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'Leaving Home, Coming Home: A Portrait of Robert Frank' review: An unusual snapshot of iconic photographer

After years of hesitation, the artist has finally allowed the film to be aired in cinemas, and will open at Film Forum this week.

Robert Frank in "Leaving Home, Coming Home," which

Robert Frank in "Leaving Home, Coming Home," which was shot in 2004.  Photo Credit: Greenwich Entertainment

'Leaving Home, Coming Home: A Portrait of Robert Frank'

Documentary directed by Gerald Fox

Playing at Film Forum

“Why are they filming you, are you famous?” a family at the Coney Island Boardwalk asks. “I took some pictures here 50 years ago.”

So responds Robert Frank, whose book “The Americans,” many art historians agree, is among the most influential collection of photographs of the 20th century.

“Leaving Home, Coming Home: A Portrait of Robert Frank,” is an unusual documentary for many reasons. Anything about a photographer will emphasize frozen moments in time. Director Gerald Fox shot this in 2004; note the bus ads for Tom Cruise in “Collateral.” It ran with a retrospective at London's Tate Gallery and aired on British television, but Frank, who owns the rights to his images, asked it not screen in cinemas. Fox believes he got too personal with the then-80 year old.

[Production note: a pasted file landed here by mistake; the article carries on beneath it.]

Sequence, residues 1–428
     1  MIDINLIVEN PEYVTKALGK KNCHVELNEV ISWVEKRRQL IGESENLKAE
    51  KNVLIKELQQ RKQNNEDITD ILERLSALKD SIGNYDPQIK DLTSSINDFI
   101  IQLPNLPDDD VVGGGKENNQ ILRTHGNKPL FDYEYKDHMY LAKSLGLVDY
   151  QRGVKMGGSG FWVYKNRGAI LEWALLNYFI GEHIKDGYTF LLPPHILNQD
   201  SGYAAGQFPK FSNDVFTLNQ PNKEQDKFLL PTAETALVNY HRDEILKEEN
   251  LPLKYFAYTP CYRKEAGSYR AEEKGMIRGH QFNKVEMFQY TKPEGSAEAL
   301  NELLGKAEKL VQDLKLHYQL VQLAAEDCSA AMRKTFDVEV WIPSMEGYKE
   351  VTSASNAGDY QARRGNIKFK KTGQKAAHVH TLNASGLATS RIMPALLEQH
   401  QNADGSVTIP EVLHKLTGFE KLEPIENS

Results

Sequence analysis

Now, with Frank still alive at 94, it will show at Manhattan's Film Forum.

It's quite the New York document. Swiss-born Frank (his father was a German Jew fleeing Nazism) came here in his early 20s. He isn't exactly warm and fuzzy. “This city costs a lot, and I don't just mean money,” he grumbles, noting “yuppie” changes of his East Village neighborhood. (Naturally, watching in 2019, the 2004 corner of Bowery and Bleecker looks positively quaint!)

When Fox's crew needs him to repeat something, he refuses. “This is all theater!” he spits during a back-and-forth with his second wife, the sculptor June Leaf. Perhaps in not getting the right footage, they got the truest footage.

If Frank has an irritable disposition, there may be a reason. For every career triumph, like the Beat Generation short film “Pull My Daisy” narrated by Jack Kerouac, there was a setback, like the notorious Rolling Stones tour film “[Expletive] Blues” that Mick Jagger watched, paid for, then decided should never be released.

More important are Frank's personal tragedies. His daughter died at age 20 in a plane crash. His son's mental health grew worse over decades before he died at the age of 44. Frank recorded it all in moving and still images.

“Leaving Home, Coming Home” is tricky, in that it reveals much but also keeps things hidden. There is hardly any mention of Frank's first wife and mother of his children, artist Mary Frank. Weirdly, Fox shows images adjacent to Frank's most famous picture (“Parade, Hoboken, New Jersey, 1955”) but not the classic shot itself. There's a strange feeling that this film isn't being completely frank.

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